Foolish pleasures

Flower teapot We might well regard gardening as a foolish pleasure given the awful weather we’ve had today: heavy rain, verging on sleet at times, wicked winds and a general wintry feel to the day. Hardly what you’d expect from the end of May. I’ve been playing yo-yo with my tomato and courgette plants all week, in and out of the conservatory to harden off in the day and then back in for protection from the chilly nights. Today was so dreadful, I brought the tomatoes back in after an hour when they were all knocked over by the wind like so many spindly skittles…. I had hoped to plant them up in their pots outside this weekend, but I think I may have to delay by another week as my mother, the weather oracle, says it’s finally due to warm up NEXT weekend. Instead, I think I’ll be forced to pot them on into their final pots, but squeeze those into the conservatory overnight without their cane frame and keep my fingers crossed that the weather warms up soon! Courgettes, cucumbers and squashes/pumpkins can definitely wait another week before braving the elements down at the allotment, even though my little grow frame is rapidly running out of room.

I don’t think I can recall such a late start to the season for quite some time: last week I had a lovely day up at the Chelsea Flower Show – clad in winter coat, boots, a cardigan over my dress and a pashmina for good measure! And whilst the sun did come out at some points during the day, I really didn’t feel tempted to divest myself of any surplus layers! Fabulous show though: I loved Jo Thompson’s M&G Retreat garden with its natural swimming pond and romantic pastel planting, and Chris’ Beardshaw’s Healthy Cities garden had a glorious colour palette, as did Adam Frost’s immaculate Homebase garden. The slate-filled Brewin Dolphin garden was also breathtaking close-up, much more so than it appeared on television, with a clever juxtaposition of that beautiful slate, water and delicate naturalistic planting. And whilst I admired Dan Pearson’s artistry in recreating a patch of Chatsworth, for me, it wasn’t a garden, more of a landscape – so definitely wouldn’t have been my choice for Best in Show! Each to their own…

Chris Beardshaw's garden M&G garden retreatThis week I was tempted into my sandals on a sunny visit to the Savill Garden near Windsor, where the azaleas and rhododendrons are in full, heavenly-scented bloom. Unfortunately, it’s back to winter today, though – roll on summer!

Rhubarb and asparagus are still going great guns down on the plot, and I managed to plant my runner and French bean seeds and net all my soft fruit against the birds last weekend, so I feel relatively up-to-date. I even sneaked up after work on Wednesday and weeded my root vegetable bed; the protective fleece covering seems to encourage both the vegetable seeds and the weeds, but hopefully weeding at this stage will allow the baby seedlings to get ahead of the game. Flea beetle have targeted both the radish and swede, but with any luck they won’t destroy the plants. Parsnips, carrots and beetroot are looking very promising, though, despite the odd gap in the rows where the slugs have obviously had a munch – soon topped up with fresh seed.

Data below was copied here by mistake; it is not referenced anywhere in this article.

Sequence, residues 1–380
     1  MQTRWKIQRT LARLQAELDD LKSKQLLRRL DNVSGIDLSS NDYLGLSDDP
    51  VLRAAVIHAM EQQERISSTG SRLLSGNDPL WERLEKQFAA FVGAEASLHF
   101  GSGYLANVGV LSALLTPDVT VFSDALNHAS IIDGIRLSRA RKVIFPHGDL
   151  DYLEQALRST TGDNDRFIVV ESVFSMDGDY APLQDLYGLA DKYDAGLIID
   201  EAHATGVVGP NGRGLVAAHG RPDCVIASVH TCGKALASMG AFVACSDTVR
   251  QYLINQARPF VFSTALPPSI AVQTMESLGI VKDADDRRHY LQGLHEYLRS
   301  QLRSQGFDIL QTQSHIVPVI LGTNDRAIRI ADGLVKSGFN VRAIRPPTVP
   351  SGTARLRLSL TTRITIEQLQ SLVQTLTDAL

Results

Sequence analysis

The constant flow of rhubarb calls for more recipes, both old and new favourites. One old faithful is silky-smooth rhubarb fool, served this time round with gluten-free almond tuiles for added crunch.

Rhubarb Fool

¼ pint custard

1lb rhubarb, chopped into 1 cm pieces

Grated rind and juice of 1 orange

4-6 tbsp demerara sugar

¼ pt double cream, softly whipped

Make the custard using 1/2 tbsp custard powder, 1 dsp granulated sugar and ¼ pt milk (or make fresh custard with eggs and sugar if you prefer, although I think the thicker consistency of cornflour-based custard powder works better and stops the fool becoming too runny). Cool slightly whilst cooking the rhubarb.

Cook the chopped rhubarb (no need to peel unless really stringy) in a covered dish in the microwave for 4-5 mins with the grated rind and juice of the orange and the sugar (to taste), until tender. Leave to cool.

Purée the custard and the rhubarb in a food processor until well blended – you may not need all the juice from the rhubarb. Turn into a bowl and fold in the whipped cream. Use a balloon whisk to mix gently together if you can still see bits of cream. Pour into 4-5 sundae dishes and chill.

You could use yogurt instead of custard (or cream), or crème fraîche for that matter, but I love the unctuous mixture of custard and cream. Gooseberries work well too as the rhubarb season comes to an end.

Serve with almond tuiles (or shortbread or amaretti biscuits if you prefer!).

Almond Tuiles

makes about 16

3oz butter

3oz caster sugar

2oz flaked almonds

2oz plain flour (or rice flour for gluten-free)

Pinch salt

Beat together the butter and sugar. Crush the almonds in your hand as you add them to the mixture with the sieved flour and salt. Mix well. Place heaped teaspoonfuls of the mixture, spaced well-apart, on baking trays lined with baking parchment – probably only 4-5 on each tray as they will spread while cooking! Cook at 200°C / Gas 6 for about 5-7 minutes or until golden brown. Cool on the trays and repeat with the rest of the mixture. They will be very soft when you take them out of the oven, but set to a lovely, crisp finish when cold.

The original recipe is with plain flour, but I experimented with rice flour for my gluten-free guest this time and it worked beautifully!

Advertisements

Leave a Reply

Fill in your details below or click an icon to log in:

WordPress.com Logo

You are commenting using your WordPress.com account. Log Out / Change )

Twitter picture

You are commenting using your Twitter account. Log Out / Change )

Facebook photo

You are commenting using your Facebook account. Log Out / Change )

Google+ photo

You are commenting using your Google+ account. Log Out / Change )

Connecting to %s